Tuesday, February 25, 2014

7:30 BELLS: "Make One Little Room an Everywhere"

What are the minimal conditions we need to hear the bells ring—to feel alive?  I wondered about this as I rested on the couch flattened by a virus. Do the bells only ring loudly when we stride through life? Do they only ring faintly when we become vulnerable or weak?

When I began 7:30 BELLS year ago, I equated hearing the bells ring with feeling vigorously alive. (And I do love the wild pealing!) But after a year of listening for the bells, I've learned there are shadings of feeling alive. Joy and creativity, certainly. But reflection, quiet, community, and emotions like gratitude, sadness, and courage—these make us feel alive, too.  

As the days passed on my couch, I noticed how my garage roof changed with the light, weather, and time of day. The moving sun made different shadow depths and angles on the overlapping shingles. The sheen of rain made them look like waves rolling in to shore. In the twilight, the ridge shingles strutted like rooster hackle feathers. Seeing in a new way made the bells ring.

This is as simple as noticing. As paying attention. As connecting with whatever world we find ourselves in, no matter how small. William Blake's famous poem Auguries of Innocence says this well: 

To see a world in a grain of sand
And a heaven in a wild flower, 
Hold infinity in the palm of your hand, 
And eternity in an hour. 

John Donne has a marvelous line in his poem, The Good-Morrow, directed at lovers. “And makes one little room an everywhere.”

The size of our world is irrelevant. If circumstances limit us to one room, the quality of attentive living we bring to it can transform it into infinity. As long as I can focus on the world outside me, be that only from a couch, one little room can be an everywhere. And from it can come poems, stories, art, love--and bells that wildly, softly, musically ring.

LORE OF THE BELL
Listening for the bells makes
“one little room an everywhere.”

7:30 BELLS is posted ever Tuesday at 10:30 AM PST.
7:30 BELLS Guest Posts are posted on the second Tuesday of every month. Join me on March 11 for a guest post by author Frances O'Roark Dowell.

Friday, February 21, 2014

POETRY FRIDAY: The Spirit of the West by my great-grandmother, Clara Calhoun

Last week, after posting my grandfather's poem, I wrote that I am proud to come from a long line of poets. To back that up, this week I am sharing a poem by his mother, my pioneer great-grandmother Clara Boyd Calhoun!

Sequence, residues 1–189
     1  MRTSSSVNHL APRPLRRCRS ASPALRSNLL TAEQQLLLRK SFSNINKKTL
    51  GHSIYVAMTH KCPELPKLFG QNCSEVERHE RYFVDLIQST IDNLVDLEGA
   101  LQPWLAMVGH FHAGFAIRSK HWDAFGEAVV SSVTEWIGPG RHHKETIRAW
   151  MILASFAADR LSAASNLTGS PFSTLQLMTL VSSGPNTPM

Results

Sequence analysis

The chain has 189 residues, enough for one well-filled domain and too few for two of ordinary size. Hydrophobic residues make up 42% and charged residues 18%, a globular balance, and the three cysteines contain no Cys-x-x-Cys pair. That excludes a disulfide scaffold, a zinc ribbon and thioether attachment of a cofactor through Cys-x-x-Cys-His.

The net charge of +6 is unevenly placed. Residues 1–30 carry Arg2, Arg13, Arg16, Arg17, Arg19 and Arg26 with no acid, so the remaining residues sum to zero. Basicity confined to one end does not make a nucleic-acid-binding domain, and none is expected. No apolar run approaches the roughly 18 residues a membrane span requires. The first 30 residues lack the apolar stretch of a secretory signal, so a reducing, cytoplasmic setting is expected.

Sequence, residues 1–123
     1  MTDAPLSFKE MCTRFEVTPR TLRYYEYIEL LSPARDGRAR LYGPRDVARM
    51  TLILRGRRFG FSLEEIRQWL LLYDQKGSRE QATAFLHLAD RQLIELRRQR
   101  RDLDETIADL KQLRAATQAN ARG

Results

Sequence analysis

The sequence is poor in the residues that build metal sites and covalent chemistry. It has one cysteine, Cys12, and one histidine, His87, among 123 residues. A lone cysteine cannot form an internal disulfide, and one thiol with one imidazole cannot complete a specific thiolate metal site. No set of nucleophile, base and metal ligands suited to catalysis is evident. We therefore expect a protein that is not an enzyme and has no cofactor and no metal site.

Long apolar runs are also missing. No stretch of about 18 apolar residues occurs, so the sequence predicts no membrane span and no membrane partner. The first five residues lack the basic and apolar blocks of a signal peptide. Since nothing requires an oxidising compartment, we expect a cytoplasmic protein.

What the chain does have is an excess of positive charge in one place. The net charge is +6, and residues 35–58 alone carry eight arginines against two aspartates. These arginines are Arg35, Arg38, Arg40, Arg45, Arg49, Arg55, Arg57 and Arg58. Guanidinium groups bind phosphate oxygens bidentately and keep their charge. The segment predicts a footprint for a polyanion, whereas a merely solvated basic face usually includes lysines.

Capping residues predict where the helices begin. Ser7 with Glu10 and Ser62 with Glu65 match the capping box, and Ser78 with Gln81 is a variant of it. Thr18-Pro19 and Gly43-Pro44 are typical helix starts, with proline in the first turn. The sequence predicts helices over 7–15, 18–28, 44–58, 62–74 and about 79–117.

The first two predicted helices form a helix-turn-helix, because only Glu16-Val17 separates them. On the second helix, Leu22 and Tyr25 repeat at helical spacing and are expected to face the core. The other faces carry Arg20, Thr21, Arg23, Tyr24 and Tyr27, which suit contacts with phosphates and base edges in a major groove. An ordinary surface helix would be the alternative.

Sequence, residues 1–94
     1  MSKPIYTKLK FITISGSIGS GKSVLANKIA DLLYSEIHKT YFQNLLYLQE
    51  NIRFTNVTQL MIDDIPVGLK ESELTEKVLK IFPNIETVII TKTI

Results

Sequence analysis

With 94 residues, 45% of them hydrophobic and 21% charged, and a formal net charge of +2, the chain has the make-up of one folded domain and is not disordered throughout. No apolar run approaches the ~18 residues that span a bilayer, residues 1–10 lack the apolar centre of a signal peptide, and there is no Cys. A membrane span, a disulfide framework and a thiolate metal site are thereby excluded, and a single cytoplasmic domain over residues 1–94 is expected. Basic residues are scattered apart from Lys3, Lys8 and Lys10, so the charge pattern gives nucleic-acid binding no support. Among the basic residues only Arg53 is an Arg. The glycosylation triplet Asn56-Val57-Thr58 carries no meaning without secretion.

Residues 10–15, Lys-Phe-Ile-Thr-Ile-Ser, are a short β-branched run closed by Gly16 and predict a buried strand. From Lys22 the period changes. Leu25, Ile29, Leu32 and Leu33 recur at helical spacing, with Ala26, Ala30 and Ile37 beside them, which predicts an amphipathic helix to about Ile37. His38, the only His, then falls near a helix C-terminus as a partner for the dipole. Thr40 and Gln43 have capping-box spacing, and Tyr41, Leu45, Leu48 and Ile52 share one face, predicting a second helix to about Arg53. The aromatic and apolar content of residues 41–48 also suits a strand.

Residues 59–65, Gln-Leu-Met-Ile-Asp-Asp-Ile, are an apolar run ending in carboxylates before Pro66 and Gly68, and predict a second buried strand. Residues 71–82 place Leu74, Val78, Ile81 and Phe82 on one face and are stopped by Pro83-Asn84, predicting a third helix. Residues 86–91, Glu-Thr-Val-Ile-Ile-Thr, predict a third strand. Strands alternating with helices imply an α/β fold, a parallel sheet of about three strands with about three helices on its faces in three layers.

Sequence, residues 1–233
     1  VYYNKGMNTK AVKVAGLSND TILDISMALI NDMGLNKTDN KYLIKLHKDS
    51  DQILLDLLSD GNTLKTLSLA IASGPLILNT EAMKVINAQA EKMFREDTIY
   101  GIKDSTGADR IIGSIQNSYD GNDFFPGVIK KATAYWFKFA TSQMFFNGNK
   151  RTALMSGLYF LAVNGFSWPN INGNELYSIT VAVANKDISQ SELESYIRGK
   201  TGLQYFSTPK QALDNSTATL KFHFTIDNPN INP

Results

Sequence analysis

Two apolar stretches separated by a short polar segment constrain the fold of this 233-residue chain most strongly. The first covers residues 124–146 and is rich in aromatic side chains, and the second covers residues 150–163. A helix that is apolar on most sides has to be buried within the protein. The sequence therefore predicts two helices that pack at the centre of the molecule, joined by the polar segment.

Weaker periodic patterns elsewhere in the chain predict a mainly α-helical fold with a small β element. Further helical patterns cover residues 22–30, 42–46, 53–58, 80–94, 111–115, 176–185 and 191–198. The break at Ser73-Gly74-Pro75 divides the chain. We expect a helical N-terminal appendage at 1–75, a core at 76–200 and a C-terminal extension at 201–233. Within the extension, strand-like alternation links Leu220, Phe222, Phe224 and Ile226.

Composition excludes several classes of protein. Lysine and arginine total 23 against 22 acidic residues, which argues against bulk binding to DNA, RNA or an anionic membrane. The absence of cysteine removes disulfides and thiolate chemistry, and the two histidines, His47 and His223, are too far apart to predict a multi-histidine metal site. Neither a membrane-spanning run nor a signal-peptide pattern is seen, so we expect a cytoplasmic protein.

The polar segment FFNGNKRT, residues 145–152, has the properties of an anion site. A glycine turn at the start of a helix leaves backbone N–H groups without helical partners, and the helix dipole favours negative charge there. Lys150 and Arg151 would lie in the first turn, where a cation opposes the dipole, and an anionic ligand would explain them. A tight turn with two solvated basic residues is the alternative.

THE SPIRIT OF THE WEST

Come, come ye hardy pioneers,
     And listen to this song
As down the swiftly rolling years
     Its cadence floats along.
The East is flocking to our shores--
     With customs new and strange
The iron horse with magic powers
     Is tramping out our range.
Electric lights with wired beams
     Our moonlights are subduing--
Horseless cars like flitting dreams
     Their reckless way pursuing.
The canyons roar! but no cascade
     Makes echoing booms and quivers--
The Eastern hand with science's aid
     Would desecrate our rivers.
The Western Spirit sees with dread
     This march upon our borders;
She sadly bows her once proud head
     To time's determined orders.
Her once proud head! Begone the thought
     Aye! Proud, for evermore--
No greener laurels ere were brought
     To crown a fame more pure.
Her mountains high, her valleys broad,
     Her forests deep and grand,
She gives to all--like Nature's God
     And with a lavish hand.
She bids them come--South, East, and North
     In accents sad, but loving,
Each soul she reckons by her worth
     Her kindly welcome proving.
And yet her heart in sorrow yearns--
     Her smile is clouded o'er
As when her mood in sadness turns,
     To days that are no more.
Her gallant cowboys--gone for aye,
     Her wildings of the woods
Her softly brooding melody
     From her vast solitudes.
For still we know when all is told
     She lover her first born best;
Come pioneers and rally round
     The Spirit of the West.


Clara Virginia Boyd Calhoun
Blue Gulch, Idaho
1856-1919





Tuesday, February 18, 2014

7:30 BELLS: Celestial Bells--In the Beginning, there was Wind

Strong winds swept Puget Sound this week, as storm after storm blew in. I love strong, lively winds (no hurricanes, please) that bring the world alive. Wind creates movement where there was none, making trees and clouds dance. Wind creates light where there was none, carving new channels for brilliance. Wind creates sound where there was none, setting bells ringing. If I wrote a genesis story of the universe, the opening line would be: In the Beginning, there was Wind.

And maybe that’s true. There are solar winds, and stellar winds created by supernova stars. I wish my ears were strong enough to hear celestial bells ring!

I imagine the forces that blow through my life as wind. Although they have blown me down roads I never planned to take, they have also brought me alive in new ways. 
Poet Mary Oliver wrote: "Whoever made music of a mild day?"

Even the inspiration behind 7:30 BELLS came from what first seemed an ill wind. Two months before my trip to Italy in 2012, I tore major ligaments in one foot. And so I limped through Florence, Siena, and Venice unable to see all I had panned. However, I spent more time in the places I did go. Rested on benches in piazzas and museums where I had time to really look, reflect, and write about everything I saw. So my feet limped, but my heart soared. 

And so in the beginning, the wind made the 7:30 BELLS ring.


LORE OF THE BELL
Let great winds blowing over you
lead to new beginnings